Like many homeowners, you too are perhaps searching for ways to lower energy consumption. And why not? It’s good for the planet, as well as your pocket.
Installing energy-efficient solar panels and switching to LEDs generally do make a difference. However, an even better place to explore in pursuit of strategic energy-saving endeavors is energy audits.
Don’t know what that is? Don’t fret. We’ve got you covered. In this post, we’ll help you learn everything necessary to know about energy audits.
Table of Contents
What Are Energy Audits?
An energy audit is a systematic and comprehensive analysis of energy consumption and use within a defined energy audit scope that identifies, quantifies, and reports opportunities for enhanced energy performance. Put simply, energy audits tell how energy efficient your property is.
During professional energy audits, you can expect an expert to come in and evaluate your:
- Windows and doors
- Cooling and heating system
- Insulation and ductwork
- Water heater
- Indoor air quality
From there, the energy auditor will suggest how to improve your property’s energy efficiency and lower energy costs. Measures can include:
- Adding insulation
- Replacing light bulbs with energy-efficient LEDs
- Upgrading older appliances
- Replacing inefficient heating and cooling systems
- Installing new windows or better sealing those existing
The goal of energy audits is to understand a property’s energy flow, process, or system to lower the amount of energy input while improving (or maintaining) your comfort, health, and safety.
Are Energy Audits Worth Doing?
Energy audits are such a powerful tool because they prevent property owners from wasting their resources addressing the wrong problems. For example, you might think inefficient light bulbs suck most energy in your home, where in fact, the worst energy hog might be the pool pump driving more often than needed.
Additionally, professional energy auditors also have insights and equipment required to identify and fix smaller, unusual issues that you might have never noticed before.
The fridge in your garage, for instance, consumes energy even when empty. Likewise, several other appliances continue sucking power even when not necessary. Such invaluable information can save you significantly on your utility bills.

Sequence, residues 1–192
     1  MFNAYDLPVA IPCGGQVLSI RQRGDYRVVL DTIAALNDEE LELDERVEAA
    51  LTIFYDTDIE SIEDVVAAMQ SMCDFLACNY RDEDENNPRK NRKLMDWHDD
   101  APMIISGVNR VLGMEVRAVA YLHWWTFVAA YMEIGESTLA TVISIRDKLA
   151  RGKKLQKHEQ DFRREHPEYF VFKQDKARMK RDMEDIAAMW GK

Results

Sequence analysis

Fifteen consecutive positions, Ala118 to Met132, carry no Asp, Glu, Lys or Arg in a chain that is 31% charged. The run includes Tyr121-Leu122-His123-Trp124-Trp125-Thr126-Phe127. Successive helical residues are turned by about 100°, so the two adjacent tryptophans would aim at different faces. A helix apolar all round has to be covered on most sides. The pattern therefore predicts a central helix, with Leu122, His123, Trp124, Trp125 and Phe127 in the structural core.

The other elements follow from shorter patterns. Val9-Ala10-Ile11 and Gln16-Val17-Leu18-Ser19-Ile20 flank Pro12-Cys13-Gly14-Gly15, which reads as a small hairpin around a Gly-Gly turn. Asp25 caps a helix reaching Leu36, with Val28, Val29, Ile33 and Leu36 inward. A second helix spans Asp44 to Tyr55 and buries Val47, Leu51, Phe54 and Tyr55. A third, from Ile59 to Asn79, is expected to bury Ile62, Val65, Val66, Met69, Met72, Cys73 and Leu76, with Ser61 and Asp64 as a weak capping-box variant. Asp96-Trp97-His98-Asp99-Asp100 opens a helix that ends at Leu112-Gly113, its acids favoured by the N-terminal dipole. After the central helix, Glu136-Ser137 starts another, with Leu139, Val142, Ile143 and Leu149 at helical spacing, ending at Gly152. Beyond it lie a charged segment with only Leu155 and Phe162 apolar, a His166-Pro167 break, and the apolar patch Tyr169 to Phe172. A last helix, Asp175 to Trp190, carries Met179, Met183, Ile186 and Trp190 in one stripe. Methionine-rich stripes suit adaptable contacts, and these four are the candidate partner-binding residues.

If you’re planning to put your property on the market, letting prospects know that you have recently performed an energy audit can make a positive impact on the scale of their offer. Why? Because it shows that you’ve been taking good care of the property.
Moreover, energy-efficient properties are the most sought-after and comfortable living spaces. Plus, your property’s new owners will probably want to save just as much on energy bills as you.
Whether you pick the DIY route or decide to call up a professional energy auditor, one thing is certain: you’ll be saving both energy and money while making your property a safer and healthier place to live.
Three Types of Energy Audits
The level of detail of energy audits is based on their type. Generally, there are three common types of energy audits:
Walk-Through Audit (WTA)
As the name indicates, this energy audit features a walk-through inspection of your property to identify operational, maintenance, or deficient equipment problems while also identifying areas that need further evaluation.
Results of WTA
- Identification of energy-saving opportunities
- Qualitative analysis of the implementation of energy-efficient measures
- Potential energy saving estimations
The final WTA report generally accompanies basic comments regarding a project’s feasibility.
Typically entails performing economic calculations and using metering devices to identify actual energy usage and losses.
Results of Energy Diagnosis
- Energy consumption breakdown (also known as an energy balance)
- List of energy-efficient opportunities derived from performance or building facilities.
- Financial assessment of all identified energy-saving measures to categorize and prioritize implementation
Investment Grade Audit
Investment grade audits (IGA) provide detailed accounts of energy consumption, including a quantifiable study of the implementation with detailed maintenance, investments, and operational costs. It also comprises a thorough evaluation of the investment model.
Results of Investment Grade Audit (IGA)
- Energy balance and the actual energy demand